Yet some of the more prominent industry leaders in the United States have decried the direct overture by Wings Financial to Continental's members. Do they actually think the average consumer gives a hoot that their credit union is a good team player in the cooperative system if it means passing up profitable business opportunities in order not to step on anyone's toes?
George E. Scott, Principal
Level Five Strategic Partners Inc., Mississauga, Ontario
CUs Are Now Fighting A Three-Front War
The Wings attempt to accomplish a hostile takeover will certainly lead to further division in the industry. It won't cause us to start looking over our shoulders...we are already doing that. This incident, coupled with the aggressive approach to facilitate industry consolidation, has us already distrusting large credit union motives, looking over our shoulders for the next merger move and preparing contingency plans. The division is only getting greater.
We used to have one front-credit unions vs. the bankers. Now, we have three-credit union in-fighting surrounding mutual conversions, this new hostile takeover approach coupled with the aggressive and sometimes "scare-tactic" merger proposals, and our non-ending, banker front. Maybe the bankers can stop and just watch. We used to be able to focus on member service, industry growth and cooperative spirit, but now, we can hardly trust each others' motives.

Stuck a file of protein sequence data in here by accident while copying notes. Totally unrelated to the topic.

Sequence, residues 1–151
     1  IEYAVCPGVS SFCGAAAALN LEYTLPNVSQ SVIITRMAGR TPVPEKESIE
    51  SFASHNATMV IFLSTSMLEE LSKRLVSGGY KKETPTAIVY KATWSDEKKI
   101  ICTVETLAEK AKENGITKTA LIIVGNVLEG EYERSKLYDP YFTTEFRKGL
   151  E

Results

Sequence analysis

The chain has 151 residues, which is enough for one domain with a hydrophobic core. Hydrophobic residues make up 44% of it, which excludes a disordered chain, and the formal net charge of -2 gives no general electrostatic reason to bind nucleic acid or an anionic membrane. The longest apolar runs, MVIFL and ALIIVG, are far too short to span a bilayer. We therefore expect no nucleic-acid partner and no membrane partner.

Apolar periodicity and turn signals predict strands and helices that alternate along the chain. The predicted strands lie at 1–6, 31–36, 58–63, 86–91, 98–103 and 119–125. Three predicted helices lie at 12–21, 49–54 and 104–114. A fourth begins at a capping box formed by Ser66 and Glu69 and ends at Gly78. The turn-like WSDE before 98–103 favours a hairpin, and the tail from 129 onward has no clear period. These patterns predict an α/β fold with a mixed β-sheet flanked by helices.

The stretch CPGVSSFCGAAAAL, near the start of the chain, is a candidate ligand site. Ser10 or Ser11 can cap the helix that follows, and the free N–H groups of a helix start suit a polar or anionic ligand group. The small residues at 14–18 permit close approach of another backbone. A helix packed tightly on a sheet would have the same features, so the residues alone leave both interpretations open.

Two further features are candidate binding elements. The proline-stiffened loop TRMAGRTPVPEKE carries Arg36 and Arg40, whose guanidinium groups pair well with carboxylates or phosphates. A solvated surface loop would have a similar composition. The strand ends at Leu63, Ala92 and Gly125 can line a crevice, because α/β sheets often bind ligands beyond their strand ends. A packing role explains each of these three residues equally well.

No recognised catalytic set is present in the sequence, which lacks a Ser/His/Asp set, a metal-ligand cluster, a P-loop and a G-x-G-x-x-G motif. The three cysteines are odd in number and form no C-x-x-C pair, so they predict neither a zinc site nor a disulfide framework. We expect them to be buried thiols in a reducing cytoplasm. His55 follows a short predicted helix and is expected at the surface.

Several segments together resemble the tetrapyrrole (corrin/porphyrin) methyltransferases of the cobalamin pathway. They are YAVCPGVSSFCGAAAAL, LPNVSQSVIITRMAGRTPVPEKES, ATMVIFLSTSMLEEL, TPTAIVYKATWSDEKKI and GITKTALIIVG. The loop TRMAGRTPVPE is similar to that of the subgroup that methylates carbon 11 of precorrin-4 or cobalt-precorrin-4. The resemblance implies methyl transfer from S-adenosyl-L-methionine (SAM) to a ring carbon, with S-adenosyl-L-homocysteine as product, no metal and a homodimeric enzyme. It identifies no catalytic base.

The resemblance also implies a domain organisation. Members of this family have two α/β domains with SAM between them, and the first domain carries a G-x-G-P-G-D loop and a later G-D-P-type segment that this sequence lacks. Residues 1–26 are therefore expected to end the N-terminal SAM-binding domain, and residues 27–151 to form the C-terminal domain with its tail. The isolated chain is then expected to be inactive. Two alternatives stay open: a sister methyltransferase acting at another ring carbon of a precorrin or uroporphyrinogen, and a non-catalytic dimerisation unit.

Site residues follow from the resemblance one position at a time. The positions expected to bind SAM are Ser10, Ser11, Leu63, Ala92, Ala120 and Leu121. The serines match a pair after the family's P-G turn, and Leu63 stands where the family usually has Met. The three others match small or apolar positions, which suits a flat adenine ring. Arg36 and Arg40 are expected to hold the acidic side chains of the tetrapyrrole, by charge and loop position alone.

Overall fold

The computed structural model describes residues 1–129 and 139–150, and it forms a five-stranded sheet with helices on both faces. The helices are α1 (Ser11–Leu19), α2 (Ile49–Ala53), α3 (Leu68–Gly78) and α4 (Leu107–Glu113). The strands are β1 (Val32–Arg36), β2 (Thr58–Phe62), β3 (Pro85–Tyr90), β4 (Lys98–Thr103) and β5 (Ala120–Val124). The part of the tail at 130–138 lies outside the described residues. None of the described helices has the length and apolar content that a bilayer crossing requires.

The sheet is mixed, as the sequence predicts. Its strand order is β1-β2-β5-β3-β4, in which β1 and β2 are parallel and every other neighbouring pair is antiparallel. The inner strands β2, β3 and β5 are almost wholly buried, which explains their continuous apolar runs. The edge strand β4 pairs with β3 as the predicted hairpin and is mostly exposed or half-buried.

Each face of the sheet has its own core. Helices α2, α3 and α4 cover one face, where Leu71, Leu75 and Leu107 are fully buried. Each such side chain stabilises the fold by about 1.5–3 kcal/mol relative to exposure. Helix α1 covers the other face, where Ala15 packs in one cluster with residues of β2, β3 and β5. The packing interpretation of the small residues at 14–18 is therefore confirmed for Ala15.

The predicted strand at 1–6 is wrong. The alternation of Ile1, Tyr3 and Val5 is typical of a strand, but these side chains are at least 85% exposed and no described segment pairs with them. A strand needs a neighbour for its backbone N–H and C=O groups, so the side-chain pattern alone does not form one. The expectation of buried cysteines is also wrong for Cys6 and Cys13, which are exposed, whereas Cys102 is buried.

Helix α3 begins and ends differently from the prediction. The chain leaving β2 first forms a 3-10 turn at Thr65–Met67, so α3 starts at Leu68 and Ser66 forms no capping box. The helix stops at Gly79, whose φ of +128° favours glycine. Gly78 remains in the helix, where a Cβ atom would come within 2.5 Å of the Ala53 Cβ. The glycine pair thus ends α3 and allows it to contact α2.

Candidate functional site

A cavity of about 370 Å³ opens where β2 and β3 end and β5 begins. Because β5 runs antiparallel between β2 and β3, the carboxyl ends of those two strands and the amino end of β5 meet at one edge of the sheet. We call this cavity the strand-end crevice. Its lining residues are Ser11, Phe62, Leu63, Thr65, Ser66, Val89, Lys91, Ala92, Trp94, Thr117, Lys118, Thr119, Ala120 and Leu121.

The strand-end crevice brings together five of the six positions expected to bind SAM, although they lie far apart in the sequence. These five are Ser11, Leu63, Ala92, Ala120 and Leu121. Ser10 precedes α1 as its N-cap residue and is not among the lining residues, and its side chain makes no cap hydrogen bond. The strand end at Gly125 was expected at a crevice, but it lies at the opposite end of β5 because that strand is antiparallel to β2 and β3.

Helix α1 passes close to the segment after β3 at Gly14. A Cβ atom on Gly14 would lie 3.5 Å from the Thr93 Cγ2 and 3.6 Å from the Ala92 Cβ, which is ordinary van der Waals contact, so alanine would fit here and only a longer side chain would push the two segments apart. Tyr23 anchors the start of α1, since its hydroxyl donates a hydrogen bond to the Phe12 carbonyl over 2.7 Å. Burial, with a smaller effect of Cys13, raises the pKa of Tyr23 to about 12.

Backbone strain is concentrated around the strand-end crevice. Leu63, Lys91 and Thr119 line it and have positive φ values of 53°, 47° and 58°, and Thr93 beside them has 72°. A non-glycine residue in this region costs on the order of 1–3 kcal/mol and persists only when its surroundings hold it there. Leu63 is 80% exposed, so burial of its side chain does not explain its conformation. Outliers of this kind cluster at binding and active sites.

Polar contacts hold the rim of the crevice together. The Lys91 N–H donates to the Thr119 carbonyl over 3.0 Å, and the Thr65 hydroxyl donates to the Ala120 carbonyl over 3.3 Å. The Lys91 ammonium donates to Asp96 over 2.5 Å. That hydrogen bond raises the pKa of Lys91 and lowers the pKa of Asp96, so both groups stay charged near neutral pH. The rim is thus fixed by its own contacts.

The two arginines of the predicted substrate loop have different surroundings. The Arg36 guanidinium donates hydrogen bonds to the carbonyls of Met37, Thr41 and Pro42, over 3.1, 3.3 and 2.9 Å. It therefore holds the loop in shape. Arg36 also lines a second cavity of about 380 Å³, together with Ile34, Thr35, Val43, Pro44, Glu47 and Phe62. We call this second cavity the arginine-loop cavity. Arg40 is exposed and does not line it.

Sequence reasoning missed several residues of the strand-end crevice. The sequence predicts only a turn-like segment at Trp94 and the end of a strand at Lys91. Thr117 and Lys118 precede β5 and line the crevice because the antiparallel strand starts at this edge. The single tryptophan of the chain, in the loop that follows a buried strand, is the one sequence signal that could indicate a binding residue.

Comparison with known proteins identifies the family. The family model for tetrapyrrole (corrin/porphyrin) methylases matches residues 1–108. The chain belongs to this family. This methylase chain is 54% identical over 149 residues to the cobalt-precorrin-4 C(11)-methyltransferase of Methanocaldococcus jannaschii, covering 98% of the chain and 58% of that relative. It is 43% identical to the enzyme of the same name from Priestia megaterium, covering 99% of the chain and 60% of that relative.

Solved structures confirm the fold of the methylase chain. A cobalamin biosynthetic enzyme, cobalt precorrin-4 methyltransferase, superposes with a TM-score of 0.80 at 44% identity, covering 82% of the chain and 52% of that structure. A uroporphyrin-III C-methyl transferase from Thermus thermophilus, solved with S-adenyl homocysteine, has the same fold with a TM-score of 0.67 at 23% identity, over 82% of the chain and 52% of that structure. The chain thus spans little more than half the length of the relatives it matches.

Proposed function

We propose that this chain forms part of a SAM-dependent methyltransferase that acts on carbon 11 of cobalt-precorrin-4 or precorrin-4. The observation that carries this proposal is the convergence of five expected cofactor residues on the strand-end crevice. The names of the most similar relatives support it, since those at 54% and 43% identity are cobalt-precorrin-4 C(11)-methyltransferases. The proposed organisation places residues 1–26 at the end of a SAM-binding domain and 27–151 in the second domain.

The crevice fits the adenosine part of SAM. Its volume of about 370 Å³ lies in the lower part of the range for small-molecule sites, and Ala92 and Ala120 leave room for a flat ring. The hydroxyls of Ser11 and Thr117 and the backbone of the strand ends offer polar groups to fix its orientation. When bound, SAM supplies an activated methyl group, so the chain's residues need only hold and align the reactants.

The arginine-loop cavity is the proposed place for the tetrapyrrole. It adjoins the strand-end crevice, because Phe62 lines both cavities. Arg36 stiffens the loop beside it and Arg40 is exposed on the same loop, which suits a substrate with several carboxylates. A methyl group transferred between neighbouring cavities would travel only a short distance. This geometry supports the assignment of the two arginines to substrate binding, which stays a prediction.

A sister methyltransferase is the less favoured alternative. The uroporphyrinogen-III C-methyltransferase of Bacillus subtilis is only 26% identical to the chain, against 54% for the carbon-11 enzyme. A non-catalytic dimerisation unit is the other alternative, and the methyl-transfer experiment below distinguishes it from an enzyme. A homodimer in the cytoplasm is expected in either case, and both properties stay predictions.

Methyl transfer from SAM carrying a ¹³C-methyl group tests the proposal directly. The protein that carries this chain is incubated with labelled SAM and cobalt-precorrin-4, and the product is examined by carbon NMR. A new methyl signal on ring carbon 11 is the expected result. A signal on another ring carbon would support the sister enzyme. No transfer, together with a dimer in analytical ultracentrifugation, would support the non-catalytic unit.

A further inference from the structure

I think a hostile takeover could force a credit union to 1) seek out a better offer with a friendly merger (who won't throw management and the board completely out) or 2) consider conversion to a mutual, where the laws to govern the fairness of a takeover already exist. After all, why would we want to be affiliated in the credit union industry and call ourselves a cooperative movement when such things occur.
Bottom line, there are a number of us that won't sit still and will have a contingency plan in place to ensure the hostile partner will not prevail-it won't be worth the effort to merely drive us into the arms of a more friendly partner or an environment in which this is acceptable practice and has monetary implications on both sides.
Sundie Seefried, CEO/President
Eagle Legacy Credit Union, Arvada, Colo.
Disaster Recovery Is Not A Competitive Issue
The recent statements by an unnamed credit union advocate characterizing the banking industry as somehow not stepping up or cooperating after Katrina are way, way off base (CU Journal Daily, "Trades Press NCUA for Action in Wings-Continental Situation," 3/14/2007).
Nothing could be further from the truth. Disaster recovery is not a competitive issue. Confidence in financial services during times of crisis is in all of our interests. The banking and credit union industries both stepped up impressively as a result of Katrina, as did our trade associations. Talk to anyone at NAFCU and CUNA involved in disaster recovery efforts. They will tell you that stepping up during an emergency, on the part of both our industries, is the rule, not the exception. For years the two major credit union trade associations have worked closely with the ABA on business continuity and disaster recovery issues.
I am proud of our efforts to work with the credit union industry to maintain confidence in financial services, before, during, and after Katrina. I look forward to continuing those efforts. I am certain my credit union colleagues feel the same way.
Doug Johnson, Senior Policy Advisor
American Bankers Association, Washington
Credit Union Journal encourages reader feedback. Letters to the Editor can be sent to Managing Editor Lisa Freeman at lfreeman